Friday, January 5, 2018

Pro-choice art project addresses men's role in abortion

Posted By on Fri, Jan 5, 2018 at 11:09 AM

click to enlarge Each piece of Lazzarini's new project will have only the man's name, and the year in which the abortion took place. - LINDA LAZZARINI
  • Linda Lazzarini
  • Each piece of Lazzarini's new project will have only the man's name, and the year in which the abortion took place.

I’ll admit, when I first saw local artist Linda Lazzarini’s newest call for entries, I felt off-put, and more than a little confused. It struck me as going against the spirit of her last project, which I personally found powerful and insightful. Last year, Lazzarini collected the stories of those who had faced sexual assault or harassment, and displayed them in an origami installation called Women’s Voices, which will be on display in Sangre De Cristo Arts Center’s Representing the West exhibit, starting Feb. 2. I saw a section of Women’s Voices at Planned Parenthood’s recent exhibition at The Gallery Below, and thought it was a solid concept, and a good, anonymous way to share the stories of women who may have been reluctant to share them on their Facebook pages during the height of the “#metoo” movement.

This latest project, then, threw me for a bit of a loop.

Lazzarini’s first email about it says, in part: “See, it seems to me that it's totally overlooked that for every woman who has an abortion, the man who impregnated her had one, too. That's what this project is about: men who had abortions.” She then asks that folks on her mailing list send her the name (or pseudonym) of a man who has “had an abortion” and the year in which that abortion took place. Once she receives enough responses, she will create a cut-paper representation of each man’s name, to come together in an installation similar to Women’s Voices.

Immediately after reading this, I felt reactively defensive of women who have had abortions, and the fight for reproductive health care in general. I thought of women who didn’t know who the man involved in their pregnancy might be, and women whose partners had left them when they became pregnant. I thought of rape victims, whose attackers had no right to claim the woman’s choice to have an abortion as their own. I read this call for submissions as suggesting that men had an equal emotional investment in a woman’s abortion as she did. My thinking: the only men who can claim to have had abortions are trans men who did, literally, undergo the procedure.

I asked Lazzarini to clarify the project for me, so I might understand where she was coming from, as I suspected from her last project that she wouldn’t have inferred any of my assumptions intentionally.

“I don’t know that I’m trying to assign an equal emotional weight,” she explained when I raised my concerns, “because I don’t know that it ever could be [equal]. But I do think that it’s time that men were assigned half the equation of what happened. It’s not as if the woman did it by herself.”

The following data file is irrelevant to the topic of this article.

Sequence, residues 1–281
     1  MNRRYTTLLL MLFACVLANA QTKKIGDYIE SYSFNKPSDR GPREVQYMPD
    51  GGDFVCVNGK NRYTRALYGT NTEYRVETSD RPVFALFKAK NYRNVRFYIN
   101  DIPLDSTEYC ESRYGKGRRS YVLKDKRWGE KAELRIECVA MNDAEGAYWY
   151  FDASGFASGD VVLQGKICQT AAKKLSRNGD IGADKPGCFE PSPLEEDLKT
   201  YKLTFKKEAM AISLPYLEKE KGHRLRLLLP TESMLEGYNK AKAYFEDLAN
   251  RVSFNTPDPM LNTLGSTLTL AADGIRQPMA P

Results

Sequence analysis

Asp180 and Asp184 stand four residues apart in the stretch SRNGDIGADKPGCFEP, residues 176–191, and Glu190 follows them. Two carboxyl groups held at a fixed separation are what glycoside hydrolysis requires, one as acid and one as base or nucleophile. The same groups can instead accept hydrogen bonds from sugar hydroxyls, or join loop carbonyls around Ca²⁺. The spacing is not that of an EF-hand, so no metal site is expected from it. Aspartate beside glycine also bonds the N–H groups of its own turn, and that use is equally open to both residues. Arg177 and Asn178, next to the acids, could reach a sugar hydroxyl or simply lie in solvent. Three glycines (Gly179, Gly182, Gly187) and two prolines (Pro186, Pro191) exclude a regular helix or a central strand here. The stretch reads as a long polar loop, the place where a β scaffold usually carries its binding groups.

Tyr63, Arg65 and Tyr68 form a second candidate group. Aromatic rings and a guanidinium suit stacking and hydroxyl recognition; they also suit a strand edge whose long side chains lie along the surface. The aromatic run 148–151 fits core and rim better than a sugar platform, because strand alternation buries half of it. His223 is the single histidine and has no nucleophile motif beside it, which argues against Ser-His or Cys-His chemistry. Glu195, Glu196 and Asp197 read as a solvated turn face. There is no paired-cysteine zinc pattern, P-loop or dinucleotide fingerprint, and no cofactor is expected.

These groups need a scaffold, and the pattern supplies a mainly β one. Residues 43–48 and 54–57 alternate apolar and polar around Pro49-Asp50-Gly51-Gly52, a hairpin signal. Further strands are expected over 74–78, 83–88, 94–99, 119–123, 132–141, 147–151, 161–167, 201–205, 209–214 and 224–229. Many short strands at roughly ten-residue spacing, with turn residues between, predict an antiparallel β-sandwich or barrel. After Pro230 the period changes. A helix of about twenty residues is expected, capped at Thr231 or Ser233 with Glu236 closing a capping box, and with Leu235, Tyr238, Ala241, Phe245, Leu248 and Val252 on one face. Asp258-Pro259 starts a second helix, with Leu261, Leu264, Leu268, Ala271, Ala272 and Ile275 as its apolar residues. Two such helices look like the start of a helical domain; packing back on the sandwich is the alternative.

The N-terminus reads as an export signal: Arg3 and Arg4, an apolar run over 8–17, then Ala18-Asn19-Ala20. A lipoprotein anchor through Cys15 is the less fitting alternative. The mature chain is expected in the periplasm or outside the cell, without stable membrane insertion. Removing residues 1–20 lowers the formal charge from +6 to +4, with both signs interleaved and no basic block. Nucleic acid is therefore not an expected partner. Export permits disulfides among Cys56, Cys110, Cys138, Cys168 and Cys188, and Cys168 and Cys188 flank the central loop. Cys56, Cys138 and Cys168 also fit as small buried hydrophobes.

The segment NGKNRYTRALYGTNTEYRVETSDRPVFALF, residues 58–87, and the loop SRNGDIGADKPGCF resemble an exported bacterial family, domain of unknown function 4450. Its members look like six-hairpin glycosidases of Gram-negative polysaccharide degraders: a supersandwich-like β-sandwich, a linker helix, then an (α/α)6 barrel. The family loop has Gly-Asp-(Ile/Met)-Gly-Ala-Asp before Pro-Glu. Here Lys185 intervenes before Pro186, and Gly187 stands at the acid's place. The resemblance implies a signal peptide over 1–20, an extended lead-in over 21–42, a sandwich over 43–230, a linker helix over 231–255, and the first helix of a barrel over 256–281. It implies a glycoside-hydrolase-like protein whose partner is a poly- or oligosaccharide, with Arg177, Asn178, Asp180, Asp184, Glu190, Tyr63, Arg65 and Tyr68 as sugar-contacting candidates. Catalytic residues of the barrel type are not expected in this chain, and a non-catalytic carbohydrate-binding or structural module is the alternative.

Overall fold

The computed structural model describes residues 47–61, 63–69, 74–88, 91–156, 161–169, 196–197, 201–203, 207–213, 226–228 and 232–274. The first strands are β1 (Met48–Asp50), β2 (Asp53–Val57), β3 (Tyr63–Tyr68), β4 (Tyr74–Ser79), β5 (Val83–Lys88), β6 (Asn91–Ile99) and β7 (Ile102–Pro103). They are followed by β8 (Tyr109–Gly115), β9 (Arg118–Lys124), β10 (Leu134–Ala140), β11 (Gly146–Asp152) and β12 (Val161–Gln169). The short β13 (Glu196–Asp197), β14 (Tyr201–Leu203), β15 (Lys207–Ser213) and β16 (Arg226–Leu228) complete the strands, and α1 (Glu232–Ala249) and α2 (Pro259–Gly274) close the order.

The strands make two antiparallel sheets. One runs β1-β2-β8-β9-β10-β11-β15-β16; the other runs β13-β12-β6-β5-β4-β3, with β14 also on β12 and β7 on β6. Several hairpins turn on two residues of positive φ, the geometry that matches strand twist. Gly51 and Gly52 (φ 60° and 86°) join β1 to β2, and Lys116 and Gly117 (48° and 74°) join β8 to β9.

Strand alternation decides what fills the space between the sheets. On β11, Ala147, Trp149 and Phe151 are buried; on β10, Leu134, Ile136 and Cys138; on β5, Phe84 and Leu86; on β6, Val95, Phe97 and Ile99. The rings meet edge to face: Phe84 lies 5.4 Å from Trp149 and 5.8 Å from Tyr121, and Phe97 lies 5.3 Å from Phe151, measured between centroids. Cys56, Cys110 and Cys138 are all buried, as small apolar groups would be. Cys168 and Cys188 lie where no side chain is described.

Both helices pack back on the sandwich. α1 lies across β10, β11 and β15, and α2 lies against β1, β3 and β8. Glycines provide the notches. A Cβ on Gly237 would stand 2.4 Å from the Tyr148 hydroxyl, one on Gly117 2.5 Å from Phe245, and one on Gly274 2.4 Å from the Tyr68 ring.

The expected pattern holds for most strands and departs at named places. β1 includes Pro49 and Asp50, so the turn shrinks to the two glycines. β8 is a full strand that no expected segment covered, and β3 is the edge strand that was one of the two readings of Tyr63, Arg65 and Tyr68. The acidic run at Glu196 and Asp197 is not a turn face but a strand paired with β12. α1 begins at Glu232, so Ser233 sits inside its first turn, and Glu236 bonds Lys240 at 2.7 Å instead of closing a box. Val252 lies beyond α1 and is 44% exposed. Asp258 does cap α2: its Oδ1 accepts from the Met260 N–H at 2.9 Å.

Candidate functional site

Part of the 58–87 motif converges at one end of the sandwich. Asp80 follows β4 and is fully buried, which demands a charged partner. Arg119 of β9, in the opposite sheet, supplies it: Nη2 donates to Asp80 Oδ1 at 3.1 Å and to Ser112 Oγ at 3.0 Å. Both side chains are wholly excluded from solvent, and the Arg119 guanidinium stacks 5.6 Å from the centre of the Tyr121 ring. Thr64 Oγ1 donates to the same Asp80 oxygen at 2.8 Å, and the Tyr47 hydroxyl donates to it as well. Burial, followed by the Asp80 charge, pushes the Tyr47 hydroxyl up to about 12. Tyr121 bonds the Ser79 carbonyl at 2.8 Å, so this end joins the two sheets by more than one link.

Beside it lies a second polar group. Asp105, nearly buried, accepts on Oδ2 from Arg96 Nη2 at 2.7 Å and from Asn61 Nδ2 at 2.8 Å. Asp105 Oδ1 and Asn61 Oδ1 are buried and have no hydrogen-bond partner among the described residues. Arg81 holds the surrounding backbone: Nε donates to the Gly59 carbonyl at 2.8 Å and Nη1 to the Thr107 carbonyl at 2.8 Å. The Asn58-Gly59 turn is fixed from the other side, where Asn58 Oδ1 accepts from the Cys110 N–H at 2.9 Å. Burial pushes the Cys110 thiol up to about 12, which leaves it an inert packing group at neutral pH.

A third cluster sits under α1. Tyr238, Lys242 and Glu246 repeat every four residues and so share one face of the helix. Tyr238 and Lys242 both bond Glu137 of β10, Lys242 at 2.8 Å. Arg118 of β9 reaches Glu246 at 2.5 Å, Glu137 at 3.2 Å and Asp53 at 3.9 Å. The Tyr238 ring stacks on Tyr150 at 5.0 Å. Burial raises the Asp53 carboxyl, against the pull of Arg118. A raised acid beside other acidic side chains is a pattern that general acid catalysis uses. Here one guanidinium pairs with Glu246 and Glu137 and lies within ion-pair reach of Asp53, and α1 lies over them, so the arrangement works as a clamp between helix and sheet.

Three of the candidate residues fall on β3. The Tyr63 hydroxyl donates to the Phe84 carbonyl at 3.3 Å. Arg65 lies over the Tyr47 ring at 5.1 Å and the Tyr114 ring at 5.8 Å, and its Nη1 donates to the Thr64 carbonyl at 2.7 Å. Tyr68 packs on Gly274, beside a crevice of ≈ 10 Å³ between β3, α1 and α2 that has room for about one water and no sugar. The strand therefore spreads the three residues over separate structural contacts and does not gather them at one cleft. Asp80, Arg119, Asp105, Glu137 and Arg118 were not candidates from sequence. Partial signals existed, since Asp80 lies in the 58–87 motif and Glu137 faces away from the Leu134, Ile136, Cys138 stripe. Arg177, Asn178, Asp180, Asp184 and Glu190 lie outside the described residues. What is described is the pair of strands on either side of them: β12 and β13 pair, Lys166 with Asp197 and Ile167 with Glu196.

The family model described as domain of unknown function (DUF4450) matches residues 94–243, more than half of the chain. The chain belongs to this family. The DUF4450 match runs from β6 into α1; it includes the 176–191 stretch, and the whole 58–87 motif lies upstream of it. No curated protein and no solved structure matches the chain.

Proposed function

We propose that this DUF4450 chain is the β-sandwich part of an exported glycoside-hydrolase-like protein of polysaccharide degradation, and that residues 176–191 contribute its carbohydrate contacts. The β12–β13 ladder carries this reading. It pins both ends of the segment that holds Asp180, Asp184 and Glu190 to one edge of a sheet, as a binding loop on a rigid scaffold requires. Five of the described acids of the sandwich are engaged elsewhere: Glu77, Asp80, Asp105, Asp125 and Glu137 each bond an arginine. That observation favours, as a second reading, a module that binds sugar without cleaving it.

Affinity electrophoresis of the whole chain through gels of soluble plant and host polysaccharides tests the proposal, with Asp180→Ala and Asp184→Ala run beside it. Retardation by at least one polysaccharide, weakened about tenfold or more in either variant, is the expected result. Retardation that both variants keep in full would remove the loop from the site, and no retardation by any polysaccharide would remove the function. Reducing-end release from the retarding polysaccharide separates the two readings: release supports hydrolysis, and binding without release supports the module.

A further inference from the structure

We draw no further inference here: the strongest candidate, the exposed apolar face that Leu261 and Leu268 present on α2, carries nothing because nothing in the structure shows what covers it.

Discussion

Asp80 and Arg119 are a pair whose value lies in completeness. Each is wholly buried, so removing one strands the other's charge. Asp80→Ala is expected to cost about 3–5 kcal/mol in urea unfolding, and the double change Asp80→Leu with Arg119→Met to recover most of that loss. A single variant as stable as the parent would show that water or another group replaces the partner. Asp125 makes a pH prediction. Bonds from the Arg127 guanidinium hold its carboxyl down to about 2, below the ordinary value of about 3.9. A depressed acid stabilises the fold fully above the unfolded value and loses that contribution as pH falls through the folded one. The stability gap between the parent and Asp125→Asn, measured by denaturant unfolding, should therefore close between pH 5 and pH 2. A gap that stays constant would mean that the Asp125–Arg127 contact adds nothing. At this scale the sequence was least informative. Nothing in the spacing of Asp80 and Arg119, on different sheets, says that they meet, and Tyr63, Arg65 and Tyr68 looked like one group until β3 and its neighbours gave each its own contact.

Lazzarini’s point, then, isn’t that men (even men in committed heterosexual relationships) can claim to have been affected by a woman’s abortion the way she was, but that men should take part of the responsibility for a woman’s abortion. “If a baby’s born it gets the man’s name, but if a woman has an abortion, it’s hers. Things like that just aren’t right,” Lazzarini says

In a society that often stigmatizes women for having an abortion, Lazzarini has a point that it seldom stigmatizes the men who took equal part in the initial pregnancy. She says she sees men with “right to life” signs picketing health centers, and knows that if asked, they’ll say they have never had an abortion. But, according to Lazzarini, they can’t be sure of that. Women they have been with may have had an abortion without their knowledge, and she believes men should take responsibility for that.

“I don’t want to assign guilt or shame or anything to anybody. I just want to bring awareness to the fact that it’s not totally a woman’s issue,” she says. She adds that she has been “a pro-choicer” all her life.

What I took away from this, then, was that if women are going to be shamed for their abortions, Lazzarini believes it’s only fair that men realize their part in the process. The goal, then, would be to lessen the stigma against women who make that oftentimes difficult choice.

While I am personally still unsure how that message may come across in the installation, and unsure of my own feelings on the matter (as Lazzarini and I agreed, these are sticky subjects), I was gratified to know that my initial interpretation of the spirit of the project was wrong.

Lazzarini says she hopes to clarify her message as the project comes together, both for herself and for those who might contribute. “I think as it progresses it will get clearer and clearer to me how to do it. That’s what happened with Women’s Voices; it kept changing over time because I realized what people were thinking and what I wanted to say.”

If nothing else, the message behind this project got us talking, which is the point of art in the long run.

Those who wish to contribute to this project may contact Lazzarini at, or submit through an online anonymous survey.

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